Ministry of Interior reforms do not address undemocratic practice of planting security officers
On June 12, 2015, the Parliament of Georgia discussed a draft law that envisages separation of the Security Service from the Ministry of Internal Affairs and its formation as a separate agency. The draft law is due to be put to vote next week.
The Security Service is will be authorized to appoint security officers (known by the Russian acronym ODR – “ОДР” – офицер действующего резерва; lit. Active Reserve Officers) in various institutions of public significance. The draft law was developed to improve the transparency and accountability of the Ministry of Internal Affairs. However, the authors and the government lack the political will to abandon the undemocratic practice of planting security officers in important institutions.
ODRs originated in the Soviet Union and the practice is only found in some post-Soviet countries today. Starting from last year, TI Georgia has published a number of blog posts that dealt with ODRs planted in various agencies by the Ministry of Internal Affairs.
We have called on the authorities, and the Parliament, on a number of occasions to investigate the legitimacy of the institution which infringes on the independence of institutions of government and interferes with the country’s democratic development. Transparency International Georgia also called on the Parliament to create a special commission to study this issue.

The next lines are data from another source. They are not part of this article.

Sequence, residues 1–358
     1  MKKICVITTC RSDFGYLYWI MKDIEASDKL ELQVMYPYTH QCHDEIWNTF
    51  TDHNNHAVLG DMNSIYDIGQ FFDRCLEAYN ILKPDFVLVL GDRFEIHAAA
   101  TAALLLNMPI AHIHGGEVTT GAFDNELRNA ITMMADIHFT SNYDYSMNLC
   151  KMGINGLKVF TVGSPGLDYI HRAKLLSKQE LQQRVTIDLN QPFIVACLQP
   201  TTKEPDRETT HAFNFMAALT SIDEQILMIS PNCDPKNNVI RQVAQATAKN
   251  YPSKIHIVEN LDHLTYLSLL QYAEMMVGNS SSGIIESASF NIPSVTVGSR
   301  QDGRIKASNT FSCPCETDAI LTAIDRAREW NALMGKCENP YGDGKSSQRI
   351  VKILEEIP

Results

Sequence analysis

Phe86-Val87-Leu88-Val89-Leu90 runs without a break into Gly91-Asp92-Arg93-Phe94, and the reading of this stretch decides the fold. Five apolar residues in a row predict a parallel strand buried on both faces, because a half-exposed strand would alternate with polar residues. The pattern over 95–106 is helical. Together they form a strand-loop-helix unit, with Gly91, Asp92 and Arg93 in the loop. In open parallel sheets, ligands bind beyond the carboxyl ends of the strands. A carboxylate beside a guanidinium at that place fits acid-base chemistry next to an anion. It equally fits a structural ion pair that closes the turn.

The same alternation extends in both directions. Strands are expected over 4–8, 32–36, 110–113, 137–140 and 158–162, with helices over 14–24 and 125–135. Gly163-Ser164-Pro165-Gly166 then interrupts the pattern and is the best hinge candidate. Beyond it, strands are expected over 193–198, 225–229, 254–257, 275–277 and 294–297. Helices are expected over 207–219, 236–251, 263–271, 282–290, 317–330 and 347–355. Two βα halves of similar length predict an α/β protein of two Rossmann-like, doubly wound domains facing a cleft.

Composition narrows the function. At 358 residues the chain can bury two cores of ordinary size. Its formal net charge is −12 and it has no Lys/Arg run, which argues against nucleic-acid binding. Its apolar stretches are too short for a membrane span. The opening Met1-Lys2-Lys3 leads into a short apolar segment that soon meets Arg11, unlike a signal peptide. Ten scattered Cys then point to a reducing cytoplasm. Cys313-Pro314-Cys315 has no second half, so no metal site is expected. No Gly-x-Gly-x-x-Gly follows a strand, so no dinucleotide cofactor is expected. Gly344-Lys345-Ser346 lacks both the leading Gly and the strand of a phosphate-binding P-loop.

In October 2013, the then Prime Minister Bidzina Ivanishvili also responded to this issue stating that the authorities were trying and would soon stamp out the institution of ODRs. In February 2015, at a forum held by the coalition For Independent and Transparent Justice, the Deputy Minister of Internal Affairs, Levan Izoria, and the Chairman of the Defense and Security Committee of the Parliament of Georgia, Irakli Sesiashvili, stated that the institution was in need of reform.
Despite this statement, the draft law developed by the Ministry of Internal Affairs, which is being discussed in the Parliament of Georgia, still envisages planting security officers in various structures.
We once again present the blog posts about the so-called ODRs that our organization has published at various times:
- 24 October 2013, Media environment ahead of the October 27 presidential elections: The GNCC – investigations, impeachment and illegal MoI involvement
- January 27, 2014, Confirmation that Ministry of Internal Affairs maintains an officer at GNCC
- October 6, 2014, Security Officers (“ODRs”) – existing malpractice
- November 3, 2014, And again security officers
- November 24, 2014, Officer of the Ministry of Internal Affairs in the Public Broadcaster